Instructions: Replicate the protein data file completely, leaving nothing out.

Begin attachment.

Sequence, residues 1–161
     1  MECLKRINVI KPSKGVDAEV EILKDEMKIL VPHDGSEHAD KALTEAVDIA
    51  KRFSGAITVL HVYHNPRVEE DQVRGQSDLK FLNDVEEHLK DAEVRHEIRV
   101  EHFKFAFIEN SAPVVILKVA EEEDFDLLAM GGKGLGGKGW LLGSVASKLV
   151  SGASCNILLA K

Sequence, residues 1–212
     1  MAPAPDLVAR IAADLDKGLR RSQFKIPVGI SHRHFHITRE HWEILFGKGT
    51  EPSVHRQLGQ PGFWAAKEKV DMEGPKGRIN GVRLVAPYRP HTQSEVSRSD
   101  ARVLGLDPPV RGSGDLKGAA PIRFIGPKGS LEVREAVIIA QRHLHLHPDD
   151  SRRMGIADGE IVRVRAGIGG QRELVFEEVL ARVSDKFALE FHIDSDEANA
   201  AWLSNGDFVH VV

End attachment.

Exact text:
Sequence, residues 1–161
     1  MECLKRINVI KPSKGVDAEV EILKDEMKIL VPHDGSEHAD KALTEAVDIA
    51  KRFSGAITVL HVYHNPRVEE DQVRGQSDLK FLNDVEEHLK DAEVRHEIRV
   101  EHFKFAFIEN SAPVVILKVA EEEDFDLLAM GGKGLGGKGW LLGSVASKLV
   151  SGASCNILLA K

Sequence, residues 1–212
     1  MAPAPDLVAR IAADLDKGLR RSQFKIPVGI SHRHFHITRE HWEILFGKGT
    51  EPSVHRQLGQ PGFWAAKEKV DMEGPKGRIN GVRLVAPYRP HTQSEVSRSD
   101  ARVLGLDPPV RGSGDLKGAA PIRFIGPKGS LEVREAVIIA QRHLHLHPDD
   151  SRRMGIADGE IVRVRAGIGG QRELVFEEVL ARVSDKFALE FHIDSDEANA
   201  AWLSNGDFVH VV